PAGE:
First-ever Underground Mass Timber Parking Garage in Canada

Underground parking garages are traditionally made of concrete, but the construction process requires temporary supports, building forms, reinforcing steel and a lot of time to pour the cementitious material and allow the slab to cure.

There’s also the added carbon from cement and steel.

Massive Canada Building Systems Inc., a Port Moody, B.C.-based mass timber and modular building manufacturer, is hoping to change that. The company has secured a contract to design and build a single-level underground parkade of mass timber on a 1.3-acre parcel of property on North Road in Gibsons.

It will be the first-ever underground mass timber parkade in Canada.

“The idea of a mass timber parkade is to reduce the amount of concrete and the heavy carbon footprint of cement and steel,” says company CEO Gaetan Royer. “Only the perimeter of the parkade and its foundation will be concrete. All interior posts and beams will be mass timber. The top of the parkade will be covered with cross-laminated timber panels. A roofing surface will make the entire podium waterproof.”

Massive Canada is one of three owners of the property. The project is in the detailed design phase and the owners intend to submit their development permit application this fall and start construction by late 2024. The company had preliminary discussions with the Town of Gibsons and other approving authorities.

The roof of the parkade, supported by band beams over wooden posts, will be the base for a six-storey mass timber apartment building, containing 109 rental housing units and 14 two-storey townhomes. Twenty per cent of the apartments will be affordable rental and six will be wheelchair-friendly.

All supporting walls and posts inside the parkade will be engineered wood. The posts will support glue-laminated beams and timber panels to form the podium. Massive will deliver the two-storey townhomes to the site fully assembled.


“In this specific project, Massive Canada will use glulam posts and beams,” says Royer. “We will also use CLT panels of various thicknesses based on our structural engineer’s specifications.”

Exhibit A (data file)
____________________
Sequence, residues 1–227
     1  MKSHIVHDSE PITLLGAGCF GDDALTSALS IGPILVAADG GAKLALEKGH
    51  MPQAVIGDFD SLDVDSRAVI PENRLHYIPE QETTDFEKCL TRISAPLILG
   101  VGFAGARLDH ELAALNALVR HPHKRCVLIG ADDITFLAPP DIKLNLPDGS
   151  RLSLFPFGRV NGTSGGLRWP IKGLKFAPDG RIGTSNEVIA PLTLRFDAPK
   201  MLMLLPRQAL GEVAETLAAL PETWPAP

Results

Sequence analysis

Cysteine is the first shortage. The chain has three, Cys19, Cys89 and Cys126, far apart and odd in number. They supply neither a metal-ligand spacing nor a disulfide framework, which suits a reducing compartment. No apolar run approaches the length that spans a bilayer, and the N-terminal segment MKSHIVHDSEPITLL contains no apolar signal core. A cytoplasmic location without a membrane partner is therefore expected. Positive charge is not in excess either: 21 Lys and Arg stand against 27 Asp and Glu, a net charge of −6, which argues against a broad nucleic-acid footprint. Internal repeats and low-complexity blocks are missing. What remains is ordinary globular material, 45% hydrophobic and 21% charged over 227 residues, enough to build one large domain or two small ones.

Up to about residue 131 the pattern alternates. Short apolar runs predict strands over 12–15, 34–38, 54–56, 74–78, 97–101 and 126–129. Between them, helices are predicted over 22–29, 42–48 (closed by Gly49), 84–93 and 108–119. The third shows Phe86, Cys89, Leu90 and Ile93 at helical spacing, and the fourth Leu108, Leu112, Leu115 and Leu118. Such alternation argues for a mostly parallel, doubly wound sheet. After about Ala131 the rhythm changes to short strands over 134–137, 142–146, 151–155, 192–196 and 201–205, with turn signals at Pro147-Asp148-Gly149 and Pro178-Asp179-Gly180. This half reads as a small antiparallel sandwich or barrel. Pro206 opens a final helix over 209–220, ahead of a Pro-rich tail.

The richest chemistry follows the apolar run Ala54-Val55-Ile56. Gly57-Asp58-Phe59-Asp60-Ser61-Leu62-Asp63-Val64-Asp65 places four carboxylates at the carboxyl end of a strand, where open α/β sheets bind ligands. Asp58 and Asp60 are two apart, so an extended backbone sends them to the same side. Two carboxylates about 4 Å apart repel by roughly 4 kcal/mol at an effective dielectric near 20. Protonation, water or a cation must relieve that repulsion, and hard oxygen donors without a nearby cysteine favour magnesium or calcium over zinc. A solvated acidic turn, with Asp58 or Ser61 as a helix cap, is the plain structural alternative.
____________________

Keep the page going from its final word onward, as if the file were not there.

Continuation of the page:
The engineered wood panels will be attached to each other to form a rigid structural diaphragm which will be attached to interior walls around the elevator shaft and staircases. It will also be attached to perimeter walls.

The engineered wood construction is expected to cost less than a similar size concrete parkade. The design takes into account a variety of loads that different portions of the structural system will have to support.

Architectural renderings of the parkade show numerous wooden posts supporting the podium, with landscaping over the slab. The apartment building is on the street side of the property while the townhouses are on the other side to harmonize with adjacent single-family homes.

“This was done to avoid having an apartment building towering over existing homes,” explains Royer. “There will be a landscaped courtyard between the apartment building and the townhomes.”

Massive Canada’s goal is to develop a better way to build, so company brass decided to rethink the design of parking garages. The B.C. government is also encouraging the industry to find new applications for engineered wood.

“Massive Canada uses wood because it is a renewable resource,” explains Royer. “Many municipal councils have adopted wood-first policies. Some provide incentives for projects that use wood because it helps these communities achieve their greenhouse gas reduction targets. From a marketing point of view, the warmth and esthetic appeal of natural wood helps people feel better about their homes.”

The company wants to challenge the assumption that parkades can only be made of reinforced concrete.

“Timber has long been used for structures such as railway trestle bridges,” says Royer. “Well designed wood structures can hold a freight train. CLT panels are as strong as a concrete slab of the same thickness. A key benefit is that trees extract carbon from the atmosphere to create wood fibre.”

The other benefit, he says, is that wood CLT panels can be placed in a few days, without requiring temporary supports. The panels also do not require any time to cure and can be loaded immediately.

As for fire safety, Royer notes that the fire resistance of mass timber has been demonstrated through many independent tests, but Massive Canada is carefully reviewing fire separation and protection and proposes to use non-combustible MgOSo4 boards where additional fire protection is required.

The company will be using its own wall panels that have been certified to provide one-hour fire separation for each half-inch in thickness.

The project aligns with provincial government policies and efforts to reduce carbon emissions from construction and encourage builders to use wood as a means to mitigate climate change. More than 50 B.C. municipalities have adopted wood-first resolutions, policies, and bylaws as a way to tackle the problem.

Presently, the B.C. Building Code allows mass timber structures up to 12 storeys. Buildings up to 18 storeys have been built in the province but must be approved on a case-by-case basis.